Vol. III. No; 43.
Salisbury, N. C, Wednesday, October 9th,1 907.
WmH Stewart, Editor
LEXIN6T0N AND DAVIDSON COUNTY.
A Pair (rf Obstreperous Moles, Ad Impfbie-
nent in Cotton Mill Uachinerj.
Lexington Dispatch. October 2nd.
The board of Trade will begin
efforts to get the Southern railway
to make Lexington the terminal
for train crewa under the new ar
rangement that will be made
within the next few months,
W. Lacy Leonard, carrier on
Route No. X, from Lexington, or
dered a boggy automobile some
three months ago, thinking to get
it in a short time and use it dar
ling the summer, while the roads
were good ; but it has been delayed
and only arrived last week.
The North State Fire Brick
Company is doing business out in
the poor house community, mak
ing, fire. brick out of the only suit
able clay that is to be " found in
this section. About 50,000 have
been manufactured so far. These
brick are of very fine quality and
bring $24 per 1,000, The com
pany will be incorporated soon.
Will Garret, the albino who has
been frequently arrested for being
drank and down, ws picked up oJ
Mam street Monday mgnt in a
helpless conditio! and lodged in
jail. The police say he is quite a
curious specimen, in that he can
get drunk in ten minutes. Short
ly before he was found on the
street drunk and down, he was
seen by the policemen, walking
along the street without a sign
that he was drunk or drinking.
The Glen Anna Milling Com
pany, of Thomasville, which has
been busy for the past four months
building its plant and installing
machinery has about gotten its
plant completed and everything
in readiness to begin work. The
latter part of this week they will
start the plant to work and will
in a short time be making good
flour, meal and feed.
Zeb Griffith's horse which got
its leg broken going to the fire at
t.hn ThnmaavillB Chair Co. last
week had to be killed as it was de
cided that even if it got well it
would be practically worthless.
His'loss was fully $150,
Frank Crotts walked into town
yesterday morning and said that
his team had run away twice on
his way here and got tired of it
and concluded to walk. His mules,
1 " . 1 1 , - 1 x U - A
nucnea 10 a uuggy, gob inguwiwu
at some wood on the road two
miles- irom town, whined around
fcand broke the tongue of his buggy,
and Mr. Crotts had to jump for
his life. The; team ran a good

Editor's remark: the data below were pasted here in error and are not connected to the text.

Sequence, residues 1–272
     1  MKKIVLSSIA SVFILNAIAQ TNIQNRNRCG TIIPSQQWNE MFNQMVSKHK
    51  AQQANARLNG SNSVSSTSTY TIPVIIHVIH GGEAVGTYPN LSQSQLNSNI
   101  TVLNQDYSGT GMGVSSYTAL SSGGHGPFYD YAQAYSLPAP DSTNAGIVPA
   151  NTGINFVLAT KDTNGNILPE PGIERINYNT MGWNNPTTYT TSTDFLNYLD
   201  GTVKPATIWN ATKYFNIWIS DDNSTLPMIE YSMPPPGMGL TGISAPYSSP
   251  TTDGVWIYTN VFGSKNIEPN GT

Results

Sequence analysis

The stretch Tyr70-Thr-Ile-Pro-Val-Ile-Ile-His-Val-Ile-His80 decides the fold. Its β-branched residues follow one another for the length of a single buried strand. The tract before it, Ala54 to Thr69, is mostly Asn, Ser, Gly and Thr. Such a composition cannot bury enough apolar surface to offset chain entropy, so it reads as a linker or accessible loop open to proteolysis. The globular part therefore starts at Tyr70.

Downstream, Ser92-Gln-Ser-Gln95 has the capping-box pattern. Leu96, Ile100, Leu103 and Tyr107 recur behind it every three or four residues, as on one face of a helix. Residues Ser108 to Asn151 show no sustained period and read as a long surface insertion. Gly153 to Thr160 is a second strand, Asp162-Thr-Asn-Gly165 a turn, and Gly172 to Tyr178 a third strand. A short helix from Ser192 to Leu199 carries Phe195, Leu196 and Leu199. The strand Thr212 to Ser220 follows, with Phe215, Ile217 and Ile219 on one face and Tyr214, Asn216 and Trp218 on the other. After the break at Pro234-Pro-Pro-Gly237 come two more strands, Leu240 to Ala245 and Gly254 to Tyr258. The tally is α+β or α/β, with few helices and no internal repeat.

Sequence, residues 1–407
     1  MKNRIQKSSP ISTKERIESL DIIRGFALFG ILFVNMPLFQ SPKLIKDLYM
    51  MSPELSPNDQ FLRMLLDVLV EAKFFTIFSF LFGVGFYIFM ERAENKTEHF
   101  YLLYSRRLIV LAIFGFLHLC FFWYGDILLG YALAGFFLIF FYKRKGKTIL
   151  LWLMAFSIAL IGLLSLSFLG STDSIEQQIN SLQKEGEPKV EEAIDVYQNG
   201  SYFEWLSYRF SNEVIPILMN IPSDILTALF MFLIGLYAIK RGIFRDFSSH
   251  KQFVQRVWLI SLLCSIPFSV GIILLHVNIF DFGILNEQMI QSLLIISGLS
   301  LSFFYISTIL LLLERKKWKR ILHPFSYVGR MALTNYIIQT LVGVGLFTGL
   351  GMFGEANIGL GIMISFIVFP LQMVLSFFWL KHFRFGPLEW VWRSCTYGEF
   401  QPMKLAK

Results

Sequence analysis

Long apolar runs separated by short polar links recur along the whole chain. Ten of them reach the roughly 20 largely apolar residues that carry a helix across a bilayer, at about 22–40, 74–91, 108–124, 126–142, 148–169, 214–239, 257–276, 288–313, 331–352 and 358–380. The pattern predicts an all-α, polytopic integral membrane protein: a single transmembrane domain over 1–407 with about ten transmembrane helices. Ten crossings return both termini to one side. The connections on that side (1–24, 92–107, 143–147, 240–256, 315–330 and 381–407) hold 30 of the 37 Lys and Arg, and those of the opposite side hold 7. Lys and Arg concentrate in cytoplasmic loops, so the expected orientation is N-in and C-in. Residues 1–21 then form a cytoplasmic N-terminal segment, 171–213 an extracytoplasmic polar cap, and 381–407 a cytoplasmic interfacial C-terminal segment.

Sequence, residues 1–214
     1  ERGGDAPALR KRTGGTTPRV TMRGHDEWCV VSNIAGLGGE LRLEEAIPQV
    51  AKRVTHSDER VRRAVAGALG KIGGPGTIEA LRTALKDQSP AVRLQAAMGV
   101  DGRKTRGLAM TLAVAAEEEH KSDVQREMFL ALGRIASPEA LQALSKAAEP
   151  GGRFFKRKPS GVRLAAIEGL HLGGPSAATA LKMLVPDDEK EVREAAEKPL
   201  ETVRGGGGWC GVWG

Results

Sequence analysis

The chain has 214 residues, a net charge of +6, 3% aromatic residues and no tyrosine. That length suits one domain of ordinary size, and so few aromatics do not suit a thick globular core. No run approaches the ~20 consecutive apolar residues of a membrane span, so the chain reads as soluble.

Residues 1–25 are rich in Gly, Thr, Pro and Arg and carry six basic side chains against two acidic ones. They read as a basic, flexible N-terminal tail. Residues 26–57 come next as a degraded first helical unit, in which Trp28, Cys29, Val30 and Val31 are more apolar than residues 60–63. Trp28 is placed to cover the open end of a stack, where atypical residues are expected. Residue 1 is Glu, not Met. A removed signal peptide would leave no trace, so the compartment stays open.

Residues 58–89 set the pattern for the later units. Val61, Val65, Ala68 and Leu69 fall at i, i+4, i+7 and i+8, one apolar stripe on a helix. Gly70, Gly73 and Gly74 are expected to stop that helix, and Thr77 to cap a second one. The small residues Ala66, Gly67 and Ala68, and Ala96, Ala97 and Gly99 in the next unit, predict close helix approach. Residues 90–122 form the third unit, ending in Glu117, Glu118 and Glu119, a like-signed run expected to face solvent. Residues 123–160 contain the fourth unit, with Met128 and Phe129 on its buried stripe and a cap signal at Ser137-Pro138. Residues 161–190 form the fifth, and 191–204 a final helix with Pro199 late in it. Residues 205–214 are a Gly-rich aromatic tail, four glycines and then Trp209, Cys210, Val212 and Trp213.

ways and wasstoppedby some
people, the freaks -refcaiiSad, and
the journey resumed. OucXmore
they got scared and once more Mr.
Crotts had to get out of the buggy
in a hurry. They were stopped
some more, but by that time had
smashed things up pretty badly.
and Mr. Crotts hitched them out
and walked to town.
J. L. Peacock has purchased
from Messrs. B. G. Bobbins, in
ventor and patentee, and S, J.
Coley, who held one-third interest,
the full rights m the doner or
quilling frame register, which was
invented by Mr. Bobbins some
years ago. This register is made
to be fitted to doffing frames in
cotton mills ana it Keeps tan on
the number of doffs. It is said
that it takes the place of a hand
and that it works a saving of ten
per cent, to the mills. The Dis
patch understands there is noth
ing like i,fc on the market today,
and that the Wennonah cotton
mills, ot tnis place, nave used it
to good effect and endorse it
Toneck a cold quickly, get
from your druggist some little
Candy Cold Tablets called Preven
tics. uruggists everywhere are
dispensing Preventics, for they
are not only safe, but -decidedly
certain and prompt. Preventics
contain no Quinine, no laxative,
nothing harsh nor sickening. Tak
en at the "sneeze stage" Preven
tics will prevent Pneumonia,
Bronchitis, La Grippe, etc. Hence
the name, Preventics. Good for
feverish children. , 48 Preventics
25 cents. Trial boxes 5 cts.
by Grimes Drug Store.
S1ATESVILLE AND IREDELL COUNTY.
Negro Jailed for Beating His Sick Wife to
Death. Baptists Worship in New Ctan.
Miss , Annie Troutman, who
spent the summer at Ocean View,
Va., has been here several days
visiting home folks. She leaves
this morning for Salisbury to ac
cept the position as head waitress
at the Central Hotel,
A new bank, to be known as the
Merchant's and Farmer's Bank,
will be established at Mooresville.
The bank has been chartered and
the stockholders will meet today
and organize with a capital of
$25,000.- This gives Mooresville
two banks and makes four for the
The First Baptist congregation,
which has been worshiping in the
court house for a year and a half,
held the last service there Sunday.
The first' service in their handsome
new church, corner Broad and.
Tradd streets, will be, h Id next
Sunday at 11 o'clock and will be a
special service of praise and
C has. A, Leonard, who last
Bpring graduated at Wake Forest
College, was Sunday ordained to
the work of the Baptist ministry.
rhe ordination services took place
in the court house, where the First
Baptist congregation has been
worshiping while the new church
was being built, and were conduc
ted by Rev. C: A. Jenkins, the
pastor; Rev. S. D. Swaim, of Lex
ington,, brother-in-law of -Mr.
Leonard, and Rev. R G, Greene.
R. K. Gregory has resign. d his
position as express transfer in
spector between Salisbury and
Kuoxville, Tenn., and has returned
to Statesville to resume his tormer
position as transfer clerk at the
depot. Mrs. Gregory and children,
who stayed in ', Salisbury during
Mr. Gregory's employment with
the -express company, have also
returned to Statesville.
The cotton grower's association
of Iredeil county has decided to
build a warehouse here if the funds
are forthcoming. - An option on
one of Isidore Wallace's lots, near
the vtneering plant, has been se
cured and if the farmers respond
with the money necessary the
warehouse will be started right
away, a Duiienng iuuxzw win
be built, with a capacity of 1,500
bales. It is expected to have the
building ready in a month.
Jas. S. Kerr has bought from
H. R. CowleB what is known as
the Park property in east States
ville, fronting 2,300 feet on Broad
street and 500 on Park street. The
consideration was $5,000.
Miss Mary Elizabeth Steele and
Edgar LeRoy Rankin were married
in the first Presbyterian church
vVednesday evening at 8 o'clock,
Rev. CM. Richards, pastor of the
church, officiating. -
Isidore Wallace nas secured op
tions on the farms of J. W. and
J. L. Sherrill, on the Taylorsville
road, opposite the State farm and